About this page
SCons has an extensive test suite.
The official guidelines for new functionality say that a new feature should be accompanied by a test that fails on old code.
This page has some tips for running, writing and debugging the tests in the external test suite.
(These are the scripts in the test/ subdirectory, not the unit test modules that live with the source.)
See also DeveloperGuide/TestingMethodology for more info on writing, debugging, and using the test suite. Some of that is redundant with this page and should be cleaned up. It has good info on how to write a test. This page is currently more about debugging tests; I think this page should be merged into that one, but don't have time right now.
Running the tests
Run the tests using runtest.py like this:
python runtest.py -a for all the tests, or python runtest.py test/aTest.py for a specific test.
runtest executes the test scripts, and cleans up after them.
Debugging failing tests
For failing tests or bugs in the SConstruct files that are generated by the test scripts, you may want to look at the files that are being generated.
To do so, set one of these environment variables: PRESERVE, PRESERVE_FAIL, PRESERVE_PASS, PRESERVE_NO_RESULT. PRESERVE is equivalent to all being set, while each other one only preserves files if a condition is met (test failure, passing, etc)
The temporary files will not be deleted, so you can check them out and try them manually. Be sure you set them to some value (any will do):
% setenv PRESERVE yes
Then, when you run runtest.py, it will print out the location of the temporary files used in the script.
% python runtest.py test/SharedLibrary.py /sw/bin/python /Users/mike/Code/SCons/scons-cvs/test/SharedLibrary.py yes /sw/bin/python "/Users/mike/Code/SCons/scons-cvs/src/script/scons.py" . "/private/tmp/tmpXiLuky/prog" /sw/bin/python "/Users/mike/Code/SCons/scons-cvs/src/script/scons.py" -f SConstructFoo /sw/bin/python "/Users/mike/Code/SCons/scons-cvs/src/script/scons.py" -f SConstructFoo /sw/bin/python "/Users/mike/Code/SCons/scons-cvs/src/script/scons.py" -f SConstructFoo2 PASSED Preserved directory /private/tmp/tmpXiLuky Preserved directory /private/tmp/tmpXiLuky
If you are curious what exact command lines are being run, you can alter the test script to add this call:
test.verbose_set(1), a method defined in TestCmd, causes the test script to print out the exact commands that the test is running.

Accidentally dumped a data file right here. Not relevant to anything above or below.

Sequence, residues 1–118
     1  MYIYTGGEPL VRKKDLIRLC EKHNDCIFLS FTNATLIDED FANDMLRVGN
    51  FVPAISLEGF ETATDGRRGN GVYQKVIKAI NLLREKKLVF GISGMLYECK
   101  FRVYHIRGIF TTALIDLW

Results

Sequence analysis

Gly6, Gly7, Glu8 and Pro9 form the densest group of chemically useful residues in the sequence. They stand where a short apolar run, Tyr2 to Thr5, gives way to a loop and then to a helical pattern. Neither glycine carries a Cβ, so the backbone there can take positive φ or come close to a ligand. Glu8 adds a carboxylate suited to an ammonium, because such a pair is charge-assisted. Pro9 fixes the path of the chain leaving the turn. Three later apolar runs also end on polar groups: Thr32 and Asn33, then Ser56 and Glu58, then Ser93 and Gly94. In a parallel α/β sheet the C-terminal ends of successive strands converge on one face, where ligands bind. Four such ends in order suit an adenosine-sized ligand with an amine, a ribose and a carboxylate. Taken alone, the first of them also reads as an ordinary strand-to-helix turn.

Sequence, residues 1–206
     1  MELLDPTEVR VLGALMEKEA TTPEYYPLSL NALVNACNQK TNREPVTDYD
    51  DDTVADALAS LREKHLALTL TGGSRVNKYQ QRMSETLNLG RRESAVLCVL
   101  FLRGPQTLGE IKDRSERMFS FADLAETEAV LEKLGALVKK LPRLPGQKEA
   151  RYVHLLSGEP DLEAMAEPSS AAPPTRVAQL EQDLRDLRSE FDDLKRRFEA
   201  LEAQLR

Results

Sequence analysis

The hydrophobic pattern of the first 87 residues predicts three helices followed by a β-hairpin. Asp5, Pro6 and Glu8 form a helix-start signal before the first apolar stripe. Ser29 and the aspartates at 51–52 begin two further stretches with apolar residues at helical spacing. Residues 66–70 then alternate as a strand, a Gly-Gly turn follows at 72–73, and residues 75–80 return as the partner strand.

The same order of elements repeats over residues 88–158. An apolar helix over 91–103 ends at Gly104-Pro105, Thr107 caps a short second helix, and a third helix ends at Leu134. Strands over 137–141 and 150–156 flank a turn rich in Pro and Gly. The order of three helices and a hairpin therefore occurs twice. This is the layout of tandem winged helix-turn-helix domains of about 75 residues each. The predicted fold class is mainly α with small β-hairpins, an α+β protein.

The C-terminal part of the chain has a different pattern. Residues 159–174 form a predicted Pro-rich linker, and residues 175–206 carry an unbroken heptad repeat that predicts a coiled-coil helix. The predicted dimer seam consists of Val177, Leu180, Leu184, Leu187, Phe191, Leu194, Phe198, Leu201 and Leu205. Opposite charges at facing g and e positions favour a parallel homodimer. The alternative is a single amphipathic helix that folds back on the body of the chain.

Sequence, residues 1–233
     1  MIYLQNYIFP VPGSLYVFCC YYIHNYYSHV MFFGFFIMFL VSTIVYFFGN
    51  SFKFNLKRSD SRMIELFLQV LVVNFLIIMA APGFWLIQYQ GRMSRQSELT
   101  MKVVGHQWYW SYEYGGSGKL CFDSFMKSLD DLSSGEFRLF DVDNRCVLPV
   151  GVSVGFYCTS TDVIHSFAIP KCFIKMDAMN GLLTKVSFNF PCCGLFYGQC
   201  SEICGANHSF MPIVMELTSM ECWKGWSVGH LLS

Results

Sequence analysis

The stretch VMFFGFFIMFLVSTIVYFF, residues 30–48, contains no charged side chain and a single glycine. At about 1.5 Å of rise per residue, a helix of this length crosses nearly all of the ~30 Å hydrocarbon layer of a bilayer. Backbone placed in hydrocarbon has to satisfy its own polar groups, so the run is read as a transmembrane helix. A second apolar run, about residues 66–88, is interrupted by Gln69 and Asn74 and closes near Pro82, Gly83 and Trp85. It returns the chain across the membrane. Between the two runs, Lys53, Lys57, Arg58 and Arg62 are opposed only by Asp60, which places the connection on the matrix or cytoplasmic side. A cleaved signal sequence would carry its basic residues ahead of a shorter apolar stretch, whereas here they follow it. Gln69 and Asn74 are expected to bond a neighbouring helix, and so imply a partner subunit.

They will usually not be that useful unless you are also preserving the files as above.
Debugging test scripts
For errors in the test script itself, runtest.py has a -d switch that starts the script in the debugger. This helps avoid pain caused by setting up PYTHONPATH by hand when debugging. See also DebuggingScons for how to run SCons in the debugger without the test infrastructure (e.g. when debugging a SConstruct/SConscript).
From Kevin Quick on the dev list:
When using -d, runtest.py enters pdb right away, which is why it doesn't really know where you are. I typically use it as follows:
If I'm having a problem with test/foo.py failing. I figure out what line is failing, or correspondingly look for the test.run() call that I want to see things at; I do this in my editor and I have the editor tell me what line this is (NNN).
$ python runtest.py test/foo.py (pdb) b NNN (pdb) c <runs until reaching breakpoint at line NNN>
From there I can do all the standard pdb stuff like examining variables, stepping, etc.
The pdb really only works for the test script; the actual test run is done in a subprocess; the SCons engine is running in that subprocess and so it's separate from the pdb. Honestly, for debugging SCons engine stuff, I usually just insert print statements and re-run things because that's usually fastest; other folks may have pdb recommendations for the engine itself.
With versions of scons following 0.96.1, an internal exception during scons execution will print a one-line message about the exception only. To get more information about where the exception occurred, goto the test.run(...) line that failed and add " --debug=stacktrace " to the arguments for the test.